Having had the good fortune of training at many different academies and gyms, I have found that there are two distinct and important roles that the person in charge must play: instructor and coach. An instructor imparts information and knowledge; they give us data that is necessary to get better at grappling. A coach, redundantly, coaches us. A coach inspires us, gives us the encouragement needed to dig deep during a difficult match and on a long term is actually more important than an instructor. Of course, we can have individuals who play both rolls well, but it is important not to get them confused.
A good instructor can analyze techniques to a point where they can help people truly understand the inner workings of them. A good instructor has an innate understanding of what it takes to improve upon a technique. These qualities can be extremely valuable if applied correctly.
A good coach on the other hand can analyze a competitor to the point where they can help that competitor truly understand their own inner workings. A good coach has an innate understanding of what it takes to improve upon a human being. These qualities are just as valuable if not more so than those of a good instructor.
One thing I’ve seen to hold true is that a big part of being a good instructor is being a good technician. A good instructor may not necessarily win matches, but if you ask them about moves that they are familiar with, they will be able to explain every little detail of those moves, and will be able to make it so that you are able to do those very same moves in a short period of time.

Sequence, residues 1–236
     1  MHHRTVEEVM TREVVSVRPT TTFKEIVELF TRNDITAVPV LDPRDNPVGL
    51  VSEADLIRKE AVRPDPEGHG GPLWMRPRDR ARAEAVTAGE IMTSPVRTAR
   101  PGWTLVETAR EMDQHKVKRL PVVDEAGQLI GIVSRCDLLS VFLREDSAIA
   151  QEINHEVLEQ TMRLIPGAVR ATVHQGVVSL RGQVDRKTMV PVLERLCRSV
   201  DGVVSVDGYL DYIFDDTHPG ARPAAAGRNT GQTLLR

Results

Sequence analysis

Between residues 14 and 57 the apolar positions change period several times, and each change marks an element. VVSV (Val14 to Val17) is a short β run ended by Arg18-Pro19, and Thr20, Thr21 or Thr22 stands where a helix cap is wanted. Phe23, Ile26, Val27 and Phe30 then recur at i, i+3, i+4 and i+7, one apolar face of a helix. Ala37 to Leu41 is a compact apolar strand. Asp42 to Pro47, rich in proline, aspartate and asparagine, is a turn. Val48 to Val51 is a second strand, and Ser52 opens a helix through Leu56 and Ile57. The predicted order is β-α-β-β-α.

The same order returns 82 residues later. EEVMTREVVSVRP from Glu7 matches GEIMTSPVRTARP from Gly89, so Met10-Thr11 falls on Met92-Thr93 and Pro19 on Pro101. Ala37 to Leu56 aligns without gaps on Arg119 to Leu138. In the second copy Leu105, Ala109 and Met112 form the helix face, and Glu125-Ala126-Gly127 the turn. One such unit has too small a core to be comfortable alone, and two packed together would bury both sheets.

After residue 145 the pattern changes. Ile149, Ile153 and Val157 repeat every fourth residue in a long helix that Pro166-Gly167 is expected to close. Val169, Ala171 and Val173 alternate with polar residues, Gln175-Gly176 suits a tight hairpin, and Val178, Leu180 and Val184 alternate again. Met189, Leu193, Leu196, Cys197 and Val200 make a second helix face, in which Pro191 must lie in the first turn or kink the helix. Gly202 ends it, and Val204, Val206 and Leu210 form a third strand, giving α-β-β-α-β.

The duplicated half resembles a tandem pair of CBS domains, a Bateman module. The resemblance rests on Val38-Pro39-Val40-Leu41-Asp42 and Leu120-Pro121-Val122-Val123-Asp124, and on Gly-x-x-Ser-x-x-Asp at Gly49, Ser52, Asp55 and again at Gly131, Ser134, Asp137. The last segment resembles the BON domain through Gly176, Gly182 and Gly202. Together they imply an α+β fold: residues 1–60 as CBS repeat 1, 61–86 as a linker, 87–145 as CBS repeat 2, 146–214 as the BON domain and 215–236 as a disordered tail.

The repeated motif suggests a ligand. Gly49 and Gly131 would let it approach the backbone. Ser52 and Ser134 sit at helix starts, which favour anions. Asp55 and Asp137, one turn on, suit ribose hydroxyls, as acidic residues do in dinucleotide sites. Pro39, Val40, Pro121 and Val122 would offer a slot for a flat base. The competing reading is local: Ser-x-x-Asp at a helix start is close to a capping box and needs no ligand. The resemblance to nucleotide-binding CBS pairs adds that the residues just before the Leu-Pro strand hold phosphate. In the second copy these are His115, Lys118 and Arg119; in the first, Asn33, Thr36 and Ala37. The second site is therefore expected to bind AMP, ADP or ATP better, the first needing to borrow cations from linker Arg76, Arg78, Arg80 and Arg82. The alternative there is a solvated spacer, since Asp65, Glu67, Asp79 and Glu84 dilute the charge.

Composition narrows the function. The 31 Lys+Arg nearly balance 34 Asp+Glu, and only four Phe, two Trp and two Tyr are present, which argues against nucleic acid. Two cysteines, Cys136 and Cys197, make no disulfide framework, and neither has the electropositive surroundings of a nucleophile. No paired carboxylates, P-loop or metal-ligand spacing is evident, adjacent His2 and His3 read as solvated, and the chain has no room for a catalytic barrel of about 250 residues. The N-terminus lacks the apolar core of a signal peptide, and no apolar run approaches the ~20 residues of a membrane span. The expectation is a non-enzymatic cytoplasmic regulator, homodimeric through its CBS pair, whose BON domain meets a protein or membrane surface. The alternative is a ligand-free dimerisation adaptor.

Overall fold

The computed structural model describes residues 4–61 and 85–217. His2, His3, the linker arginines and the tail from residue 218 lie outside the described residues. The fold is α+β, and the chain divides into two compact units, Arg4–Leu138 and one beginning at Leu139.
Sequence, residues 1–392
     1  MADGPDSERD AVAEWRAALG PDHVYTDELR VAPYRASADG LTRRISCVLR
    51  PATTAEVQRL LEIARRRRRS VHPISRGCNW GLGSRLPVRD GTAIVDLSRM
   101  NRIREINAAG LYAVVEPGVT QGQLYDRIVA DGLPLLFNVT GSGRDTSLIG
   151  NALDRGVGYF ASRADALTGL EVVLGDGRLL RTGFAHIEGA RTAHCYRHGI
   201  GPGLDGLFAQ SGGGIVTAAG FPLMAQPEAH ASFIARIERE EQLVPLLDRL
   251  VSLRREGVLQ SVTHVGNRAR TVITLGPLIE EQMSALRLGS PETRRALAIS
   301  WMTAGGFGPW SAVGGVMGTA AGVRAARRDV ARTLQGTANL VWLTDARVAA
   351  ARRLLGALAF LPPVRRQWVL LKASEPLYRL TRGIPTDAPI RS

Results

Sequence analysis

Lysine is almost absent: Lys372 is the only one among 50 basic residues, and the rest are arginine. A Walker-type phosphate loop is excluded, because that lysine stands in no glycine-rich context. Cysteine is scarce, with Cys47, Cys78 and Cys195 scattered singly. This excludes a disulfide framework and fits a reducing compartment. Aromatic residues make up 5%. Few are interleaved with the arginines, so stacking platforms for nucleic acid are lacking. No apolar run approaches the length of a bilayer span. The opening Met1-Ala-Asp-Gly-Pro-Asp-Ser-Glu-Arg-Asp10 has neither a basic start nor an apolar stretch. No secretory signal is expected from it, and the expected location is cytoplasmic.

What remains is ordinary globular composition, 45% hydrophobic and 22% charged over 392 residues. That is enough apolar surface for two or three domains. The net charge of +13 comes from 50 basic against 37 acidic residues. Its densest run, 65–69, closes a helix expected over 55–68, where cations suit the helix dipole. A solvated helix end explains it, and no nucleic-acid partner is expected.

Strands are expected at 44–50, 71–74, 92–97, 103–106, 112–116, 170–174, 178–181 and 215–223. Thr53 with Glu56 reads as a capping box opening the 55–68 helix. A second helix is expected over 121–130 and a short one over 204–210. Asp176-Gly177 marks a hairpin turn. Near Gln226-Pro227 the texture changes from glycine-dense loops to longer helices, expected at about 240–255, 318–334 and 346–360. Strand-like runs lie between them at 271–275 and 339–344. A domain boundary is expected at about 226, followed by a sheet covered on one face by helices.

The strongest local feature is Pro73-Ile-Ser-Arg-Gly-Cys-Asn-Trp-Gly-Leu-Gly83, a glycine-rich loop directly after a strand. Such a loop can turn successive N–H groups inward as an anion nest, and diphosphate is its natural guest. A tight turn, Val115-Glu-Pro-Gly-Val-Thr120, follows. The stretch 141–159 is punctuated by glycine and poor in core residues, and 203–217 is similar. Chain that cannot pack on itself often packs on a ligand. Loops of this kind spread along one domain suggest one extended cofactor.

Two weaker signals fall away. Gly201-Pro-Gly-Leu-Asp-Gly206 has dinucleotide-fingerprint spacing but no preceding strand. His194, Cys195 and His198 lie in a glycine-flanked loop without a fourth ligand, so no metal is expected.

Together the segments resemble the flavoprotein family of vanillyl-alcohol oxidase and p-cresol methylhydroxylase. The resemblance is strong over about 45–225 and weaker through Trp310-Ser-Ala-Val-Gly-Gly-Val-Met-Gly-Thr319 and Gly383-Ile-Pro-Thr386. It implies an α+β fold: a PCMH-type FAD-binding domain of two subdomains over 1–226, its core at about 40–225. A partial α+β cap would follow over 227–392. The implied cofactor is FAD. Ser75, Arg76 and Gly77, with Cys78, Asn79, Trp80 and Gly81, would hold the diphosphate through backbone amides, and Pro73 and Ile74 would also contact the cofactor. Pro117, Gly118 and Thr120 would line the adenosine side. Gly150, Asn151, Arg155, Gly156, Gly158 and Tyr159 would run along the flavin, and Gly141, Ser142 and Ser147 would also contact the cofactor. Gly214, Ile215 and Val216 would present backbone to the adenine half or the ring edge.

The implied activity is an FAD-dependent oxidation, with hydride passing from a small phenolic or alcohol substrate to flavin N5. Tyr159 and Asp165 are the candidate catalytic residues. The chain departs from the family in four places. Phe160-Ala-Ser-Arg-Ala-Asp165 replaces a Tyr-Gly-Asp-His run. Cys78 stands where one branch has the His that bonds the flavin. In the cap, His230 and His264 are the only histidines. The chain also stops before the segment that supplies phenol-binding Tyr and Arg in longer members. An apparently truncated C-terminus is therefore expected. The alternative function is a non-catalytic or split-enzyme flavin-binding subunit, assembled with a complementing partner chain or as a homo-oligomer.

On the other hand, a good coach is often someone who also competes actively and often successfully. These are individuals who want to inspire their athletes to strive for greatness. My current coach goes out of his way to make sure that every person he trains builds upon the skills for which they are best suited, not necessarily the skills that he (the coach) values. This is important because rather than try to mold people into different versions of himself, he tries to mold people into better versions of themselves.
Good instructors very often have students whose games look very similar to theirs the instructor’s. This is not necessarily WRONG, as that game may be a very effective one that wins matches, but on the long run it may be limiting. A good coach on the other hand tries to explore the human potential in each individual athlete.
Having a person teaching you who is a good coach and a good instructor is preferable. It is not always going to be the case, and that is okay. The most important aspect is the intention of the coach. If they want you to succeed for the intrinsic value of your happiness, then you’ve found something special regardless of their skill set and how it applies to their instruction and coaching.
Emil Fischer is an active blue belt competitor under Pablo Angel Castro III training with Strong Style Brasa and is sponsored by Pony Club Grappling Gear. For more information, other articles, and competition videos check out his athlete pages at www.facebook.com/emilfischerbjj and www.twitter.com/Emil_Fischer